Our 28th year of publishing
Published December 14, 2021
Maybe changing cellphones wasn’t such a good idea
By John Toth / The Bulletin
A couple of weeks ago I shared with you my experience of changing cell phones, which is a rare occurrence.
I don’t like throwing stuff away because there is a newer model around, and changing cell phones is just a big hassle with all the apps and features on it. So, I don’t do it unless I absolutely think it’s time.
I ended my column with mentioning how the apps just reloaded into the new phone. That part went according to plan. Then things began to go wrong.
I bought the phone from Amazon, refurbished to “as good as new,” with a 90-day warranty and free returns. I don’t like spending $1,000 on a cell phone, even if I can pay it out in intervals of $30 per month. I also don’t like getting stuck in a contract.
So, this is how I buy my phones - for cash and “as good as new.” I know they’re not the latest model. I don’t care as long as the phone does some basic things I need - like connect to data, work my apps and make and receive calls.
The second day of the big switch, I noticed that something was wrong. I wasn’t getting any data service outside of my house. I have had the phone connected to wi-fi the whole time.
So, I took it to the T-Mobile store by Kroger’s In Angleton, where it also wasn’t getting a data signal. You’d think that it would be quite strong by the store, since they sell phones there.
I had to make this trip because T-Mobile decided again to reduce the signal at my house to unusable levels. I need to call them again and ask for Moses, who promised me when I first called the company that my problems would be solved. They were, for a week or so.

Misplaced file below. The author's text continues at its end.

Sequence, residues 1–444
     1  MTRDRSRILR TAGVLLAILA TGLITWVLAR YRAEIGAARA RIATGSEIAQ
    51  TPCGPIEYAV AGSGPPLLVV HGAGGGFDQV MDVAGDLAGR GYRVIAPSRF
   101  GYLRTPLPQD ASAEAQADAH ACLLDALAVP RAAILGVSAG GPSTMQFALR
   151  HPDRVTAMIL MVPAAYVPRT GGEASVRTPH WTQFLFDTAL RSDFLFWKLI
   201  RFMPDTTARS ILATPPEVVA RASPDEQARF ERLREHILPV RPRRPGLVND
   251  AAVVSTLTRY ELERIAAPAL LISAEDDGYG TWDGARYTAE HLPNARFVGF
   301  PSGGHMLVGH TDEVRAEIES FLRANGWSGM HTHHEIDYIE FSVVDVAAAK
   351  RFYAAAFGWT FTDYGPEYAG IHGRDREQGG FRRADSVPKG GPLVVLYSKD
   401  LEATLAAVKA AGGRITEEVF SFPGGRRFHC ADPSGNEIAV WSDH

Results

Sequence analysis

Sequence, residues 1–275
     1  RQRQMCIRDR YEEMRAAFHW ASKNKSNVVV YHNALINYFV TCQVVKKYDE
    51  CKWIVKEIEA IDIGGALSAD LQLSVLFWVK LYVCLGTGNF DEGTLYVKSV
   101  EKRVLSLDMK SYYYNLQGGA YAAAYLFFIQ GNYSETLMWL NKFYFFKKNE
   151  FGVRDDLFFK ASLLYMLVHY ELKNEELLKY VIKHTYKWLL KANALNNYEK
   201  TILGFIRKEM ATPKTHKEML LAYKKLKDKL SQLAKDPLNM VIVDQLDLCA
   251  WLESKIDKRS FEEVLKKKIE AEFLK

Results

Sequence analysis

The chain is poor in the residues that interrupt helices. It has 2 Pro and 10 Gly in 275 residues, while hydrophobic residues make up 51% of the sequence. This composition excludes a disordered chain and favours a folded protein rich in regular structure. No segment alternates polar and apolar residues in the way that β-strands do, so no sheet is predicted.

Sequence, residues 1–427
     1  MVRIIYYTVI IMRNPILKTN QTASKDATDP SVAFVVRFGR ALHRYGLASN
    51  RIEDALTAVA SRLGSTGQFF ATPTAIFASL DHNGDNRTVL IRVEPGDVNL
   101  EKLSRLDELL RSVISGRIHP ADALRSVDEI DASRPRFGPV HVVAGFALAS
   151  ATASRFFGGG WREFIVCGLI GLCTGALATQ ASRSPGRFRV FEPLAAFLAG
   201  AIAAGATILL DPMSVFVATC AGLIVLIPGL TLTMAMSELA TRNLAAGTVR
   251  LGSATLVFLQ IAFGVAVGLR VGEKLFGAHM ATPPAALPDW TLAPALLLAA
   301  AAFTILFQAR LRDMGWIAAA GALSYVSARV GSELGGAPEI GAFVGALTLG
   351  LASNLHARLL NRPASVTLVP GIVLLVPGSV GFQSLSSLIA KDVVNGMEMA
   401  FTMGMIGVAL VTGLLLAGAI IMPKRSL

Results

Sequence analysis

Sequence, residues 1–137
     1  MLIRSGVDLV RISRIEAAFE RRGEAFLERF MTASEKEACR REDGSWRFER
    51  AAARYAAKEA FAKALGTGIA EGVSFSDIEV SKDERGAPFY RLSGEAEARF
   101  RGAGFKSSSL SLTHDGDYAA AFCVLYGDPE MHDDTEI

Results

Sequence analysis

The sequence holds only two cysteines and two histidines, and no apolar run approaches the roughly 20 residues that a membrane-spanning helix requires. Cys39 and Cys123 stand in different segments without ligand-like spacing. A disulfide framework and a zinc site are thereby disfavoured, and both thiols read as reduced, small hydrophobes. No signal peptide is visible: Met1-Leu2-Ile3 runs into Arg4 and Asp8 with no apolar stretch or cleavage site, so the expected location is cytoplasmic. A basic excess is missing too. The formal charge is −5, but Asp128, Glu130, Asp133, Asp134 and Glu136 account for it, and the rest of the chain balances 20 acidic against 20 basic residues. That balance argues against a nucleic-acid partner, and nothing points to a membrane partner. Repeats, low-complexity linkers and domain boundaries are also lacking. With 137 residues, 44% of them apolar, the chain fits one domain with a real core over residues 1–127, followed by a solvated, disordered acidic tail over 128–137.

With a name like that, you’d think he would be more honest with me. II should have had him etch it in stone.
The problem was not in the signal, however weak it was at the house, but in the phone. It was a Sprint model used phone, not a T-mobile phone, and not compatible with my account. Like I said, I hate changing phones.
I switched everything back to the old phone, packed the new one up and printed out a return label. Off it went, with an explanation, for a refund.
The other new phone arrived a few days later. This time I checked the data part first to make sure that the sim card can talk to the tower. Idrove back to the Kroger parking lot again, and it was cooking. The needle was pushing the limits of 4G. I was satisfied.
(I can hear you asking: “Why don’t you just get a 5G phone?” Because they cost more, and why get it when 4G provides all the data speed I need? When they start closing down the 4G service, I’ll reconsider.)
Then the hard part began. I had to re-enter all the passwords for all the apps so I can use them again. Although the apps loaded into the phone from the cloud, the passwords didn’t. I didn’t expect them to. This is another reason I hate changing phones.
It took a while. I have all the passwords written down. There is always a glitch somewhere. It’s a big time hog, but I finally did it.
This new baby is quite a change from what I have been using. The phone is about four years younger than the one that now sits on my desk and waits for me to turn it on should I need something from it.
Since I have done so well with changing phones, I thought I would plunge into the deep end of the tech world and change computers. Why not? Go for it. It was not a smooth ride. But I’ll save those details for another column.
(John looks forward to hearing from you on this subject. Send comments to firstname.lastname@example.org. You can even send an old-fashioned letter to: The Bulletin, P.O. Box 2426, Angleton, TX. 77516.)